Tuition-free college is a necessary solution to our student debt crisis

On April 21st, Senator Bernie Sanders and Representative Pramila Jayapal unveiled the College for All Act, the “most substantial federal investment in higher education in modern American history.” The plan would make community colleges and trade schools tuition-free for all students. In addition public 4-year colleges/universities & public nonprofit minority-serving colleges (i.e. HBCUs) would be tuition-free for families earning less than $125,000 a year. 

In a statement, Bernie Sanders said, “It is absolutely unacceptable that hundreds of thousands of bright young Americans do not get a higher education each year, not because they are unqualified, but because their family does not have enough money. In the 21st century, a free public education system that goes from kindergarten through high school is no longer good enough”

Although the bill will most likely not make it to the president’s desk, it serves as an important reminder about an increasingly worrying problem in America. Furthermore, it offers a candid and urgent solution to such a problem. 

In 2019, outstanding student loan debt amounted to $1.57 trillion. The GDP of the U.S. is about $20 trillion. 54% of students who pursue higher education will take on debt in order to pay. The average debt per borrower is $37,584. In 2020, the Federal Reserve reported that roughly 20% of borrowers were behind on payments, and 30% of borrowers could not keep up with payments after 6 years. 

The problem is only increasing, as college becomes increasingly more important. The Department of Education found that ⅔ of job openings in 2020 required a college degree or more. College graduates earn 66% more income than non-graduates.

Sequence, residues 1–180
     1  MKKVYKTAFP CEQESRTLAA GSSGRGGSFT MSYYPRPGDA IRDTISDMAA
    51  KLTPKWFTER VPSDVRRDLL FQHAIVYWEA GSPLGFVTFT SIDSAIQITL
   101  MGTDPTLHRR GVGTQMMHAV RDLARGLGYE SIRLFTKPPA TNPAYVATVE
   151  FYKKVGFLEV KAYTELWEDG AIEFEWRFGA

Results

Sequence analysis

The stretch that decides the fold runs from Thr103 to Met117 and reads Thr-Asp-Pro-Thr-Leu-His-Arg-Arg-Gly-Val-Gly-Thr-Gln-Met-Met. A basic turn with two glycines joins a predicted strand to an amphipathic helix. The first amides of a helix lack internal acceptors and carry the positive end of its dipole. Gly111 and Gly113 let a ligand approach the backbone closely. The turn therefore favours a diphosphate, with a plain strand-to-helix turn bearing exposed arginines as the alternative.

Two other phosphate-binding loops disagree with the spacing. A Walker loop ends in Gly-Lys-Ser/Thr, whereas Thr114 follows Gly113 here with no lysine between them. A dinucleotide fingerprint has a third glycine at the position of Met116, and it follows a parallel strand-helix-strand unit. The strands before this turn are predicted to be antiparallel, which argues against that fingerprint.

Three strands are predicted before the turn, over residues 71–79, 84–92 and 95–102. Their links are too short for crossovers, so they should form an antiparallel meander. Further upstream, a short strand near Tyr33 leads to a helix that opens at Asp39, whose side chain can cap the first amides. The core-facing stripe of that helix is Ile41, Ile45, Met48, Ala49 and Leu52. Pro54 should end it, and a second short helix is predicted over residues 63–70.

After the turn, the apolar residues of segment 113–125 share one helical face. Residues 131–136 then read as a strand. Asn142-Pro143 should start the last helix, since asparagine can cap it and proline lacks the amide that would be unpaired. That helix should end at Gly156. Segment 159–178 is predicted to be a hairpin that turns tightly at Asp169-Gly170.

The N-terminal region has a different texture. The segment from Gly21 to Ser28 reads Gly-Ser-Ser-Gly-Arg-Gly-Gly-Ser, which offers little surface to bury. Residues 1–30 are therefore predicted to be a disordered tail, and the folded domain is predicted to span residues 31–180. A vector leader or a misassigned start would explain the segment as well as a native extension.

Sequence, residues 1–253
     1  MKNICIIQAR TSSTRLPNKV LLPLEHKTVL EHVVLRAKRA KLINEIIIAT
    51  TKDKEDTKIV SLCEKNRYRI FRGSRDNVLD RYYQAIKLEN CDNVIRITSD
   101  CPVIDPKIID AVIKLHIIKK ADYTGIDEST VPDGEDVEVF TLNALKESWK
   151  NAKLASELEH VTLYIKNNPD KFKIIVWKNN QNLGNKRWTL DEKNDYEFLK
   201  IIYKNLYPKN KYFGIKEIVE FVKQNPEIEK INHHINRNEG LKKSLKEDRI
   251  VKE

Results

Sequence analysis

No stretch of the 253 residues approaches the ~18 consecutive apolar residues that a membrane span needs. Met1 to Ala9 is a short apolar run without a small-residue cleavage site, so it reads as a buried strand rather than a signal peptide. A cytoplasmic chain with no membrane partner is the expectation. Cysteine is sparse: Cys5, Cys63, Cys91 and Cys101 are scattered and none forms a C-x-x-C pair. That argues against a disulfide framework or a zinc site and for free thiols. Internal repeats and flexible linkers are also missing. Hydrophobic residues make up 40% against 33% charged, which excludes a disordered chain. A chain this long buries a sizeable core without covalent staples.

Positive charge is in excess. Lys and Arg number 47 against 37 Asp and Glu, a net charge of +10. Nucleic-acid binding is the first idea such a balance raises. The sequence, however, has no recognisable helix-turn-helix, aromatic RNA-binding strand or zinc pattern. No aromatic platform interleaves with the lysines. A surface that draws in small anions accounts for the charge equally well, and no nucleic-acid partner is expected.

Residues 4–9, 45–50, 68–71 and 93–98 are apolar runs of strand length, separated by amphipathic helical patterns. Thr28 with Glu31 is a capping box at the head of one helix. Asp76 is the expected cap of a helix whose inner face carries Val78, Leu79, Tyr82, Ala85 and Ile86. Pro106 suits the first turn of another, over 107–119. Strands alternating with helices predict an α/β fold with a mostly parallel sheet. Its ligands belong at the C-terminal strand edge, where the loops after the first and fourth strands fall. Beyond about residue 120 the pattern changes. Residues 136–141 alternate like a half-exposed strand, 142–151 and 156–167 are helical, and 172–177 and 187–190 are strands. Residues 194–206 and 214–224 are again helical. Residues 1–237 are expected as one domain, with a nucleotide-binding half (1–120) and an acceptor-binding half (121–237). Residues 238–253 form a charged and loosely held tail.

Fundamentally, the debt crisis is an equity issue. Black students borrow more on average than white students. White students were able to pay back 53% of their loan 12 years after graduation. In stark contrast black students actually owed more — about 14% — than their original balance. 

Student debt has evolved into a full-blown crisis. In order to solve a large problem, we need larger solutions, such as tuition-free college. 

However, within the modern era, proposals to increase access to higher education through tuition-free programs have been heavily criticized. Last December, the notion of tuition-free college was blasted as a “socialist takeover of higher education” by former Secretary of Education Betsy Devos. In 2016, the New York Post called it “the gateway drug to socialism.” 

The notion of American-exceptionalism, and the “do-it-yourself” attitude has led many here to turn a blind eye to the international efforts to open up college. The European Union has some of the most robust virtually-free colleges in the world. Germany, France, Finland, Denmark, and Norway are all countries who have tuition-free higher education programs

Critics also seem to overlook America’s own past. During the post WW2-era, the U.S. ranked 1st in college graduates; the common denominator? 7.8 million WW2 vets and their dependents were allowed a tuition-free higher education; their economic return over the next 35 years was $6.50 per every dollar spent

“A generation ago, there was a system that helped you not take on the risk yourself to pay for college education, but society took on the risk for you by making tuition cheap and allowing you to benefit from that experience and then pay it back in the form of higher tax revenue. We’ve shifted the risk from society directly to the student,” says David Deming, public policy professor at Harvard. 

Unfortunately, the current mindset of many in the country is one that treats societal problems as fundamentally individualistic ills. Higher education, as it remains, is still the financial gatekeeper for success in America.

We need a long-term answer to a structural problem. Looking at it from a big-picture perspective, our end goal should be reaching open access to higher education and lower costs. The first step in the process is implementing tuition-free collegiate programs. The only tradeoff would be a better educated and free population.

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